Pull slightly on John's ear, and as you do, raise his forearm enough to cause string to shorten, Figure 29.

Suggestion: It is well to coach girl secretly when you give her stick to hold, telling her to hold on to tassel and keep string long until you take stick from her. This will prevent her accidentally tipping stick and causing string to shorten.

Be on your guard, however. If you see girl slanting stick and shortening string, pull down on string of boy's stick.

Should her string shorten the same time as the boy's, take both sticks in your hands as in Figure 20.

"I almost forgot to tell you—when a girl touches one of the strings, the charm is broken and they both get short. But we can remedy the trouble by lengthening them both."

Pull down both strings, keeping sticks in horizontal position. Hold on to tassel R and say to girl:

"Now, you touch the stick at my left."

As she does so, raise stick so that string L shortens.

"See, it shortens at your touch."

Pull string L long and make string R to shorten. Then vice versa.

"See, they are all right again."

Performer shows a pole about five or six feet long. Stretched from end to end are two strings supported by two wooden bridges. Three wooden balls are placed on the strings against the lower bridge. Magician holds the pole slanting upward and begins to turn in a circle. Slowly the first ball climbs to the top of the pole, then the second, and finally the third. He also makes the first ball climb to the top, the second one just to the middle, and the third one stays at the bottom. Various combinations may be secured, depending on the skill of the performer.





1 -- Special pole, which you may construct yourself. Secure a pole about five feet long—a bamboo fishing pole or any round wooden stick about the size of a broomstick may be used. Get some heavy cord, such as fishing cord. Cut a groove around the pole near each end and tie two ends of string around one of these grooves.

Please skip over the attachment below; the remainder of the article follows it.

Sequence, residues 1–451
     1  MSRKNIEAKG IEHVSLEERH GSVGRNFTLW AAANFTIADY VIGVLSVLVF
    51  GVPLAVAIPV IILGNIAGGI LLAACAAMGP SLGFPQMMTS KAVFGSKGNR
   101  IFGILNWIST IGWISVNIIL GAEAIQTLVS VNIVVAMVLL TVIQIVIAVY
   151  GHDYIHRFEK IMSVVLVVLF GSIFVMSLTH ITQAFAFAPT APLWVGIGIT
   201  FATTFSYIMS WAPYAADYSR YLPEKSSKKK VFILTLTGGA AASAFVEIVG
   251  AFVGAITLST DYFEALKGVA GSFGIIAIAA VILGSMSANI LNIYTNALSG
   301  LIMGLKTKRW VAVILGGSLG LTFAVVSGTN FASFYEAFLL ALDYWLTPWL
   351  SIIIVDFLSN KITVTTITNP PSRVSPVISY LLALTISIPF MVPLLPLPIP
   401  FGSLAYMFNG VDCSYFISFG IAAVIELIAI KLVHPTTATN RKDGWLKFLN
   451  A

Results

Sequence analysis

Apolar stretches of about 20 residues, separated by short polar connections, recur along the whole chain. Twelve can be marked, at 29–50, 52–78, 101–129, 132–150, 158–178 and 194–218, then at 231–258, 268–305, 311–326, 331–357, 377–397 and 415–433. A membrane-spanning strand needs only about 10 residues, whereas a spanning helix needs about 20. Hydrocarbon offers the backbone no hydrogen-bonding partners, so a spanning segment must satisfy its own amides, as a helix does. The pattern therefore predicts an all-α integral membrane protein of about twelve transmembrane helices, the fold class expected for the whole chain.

Stretch the strings along the pole and tie at other end. Fashion two small bridges out of wood, each about 3 inches high. Cut out a semicircular piece from the bottom of each so that it will fit over the pole. Then about an inch down from the top of each cut a slit in each side for the cord to pass through. There must be enough of the bridges extending above the cord to keep balls from rolling off. Place the two bridges under the cord several inches from each end, Figure 30.

2 -- Three balls.—The balls should be of wood, painted in bright colors, and two to three inches in diameter. Composition balls are of ten used also.

The balls may be the same weight, but it is sometimes wise to have them vary in weight. Have B a little heavier than A, and C a little heavier than B. To accomplish this, plug the balls with lead. Balls are placed on the two strings and are not attached in any way, Figure 31.


This effect depends on a law of the Science of Physics—that of centrifugal force.

Hold pole in right hand with hand about 1/3 way from lower end and with lower end resting against right upper arm, Figure 32.

Begin to revolve to the left slowly, then gradually increase your speed until ball A starts up the incline slowly and finally reaches the top, Figure 33, next page.

Continue turning, regulating

Stick And Handkerchief

your speed until you succeed in getting ball B to climb to the top of the pole, and finally ball C, Figure 34.

Decrease your speed of revolving, and the balls will come down singly.

Some Hindus use only TWO balls and control them in a remarkable manner. They cause the first ball to ascend to the top and the second one only to the middle. Then they bring the second one to the bottom again and the first one down to the middle and then up again to the top.

You must have plenty of room to swing in. Be careful at first not to get dizzy. Practice will enable you to perform the experiment without difficulty.

The Hindu performs this effect out-of-doors, but the Occidental Magician usually performs inside and must arrange for sufficient swinging room.

You might try swinging the pole around your head instead of revolving your whole body.

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Fundamentals of Magick

Fundamentals of Magick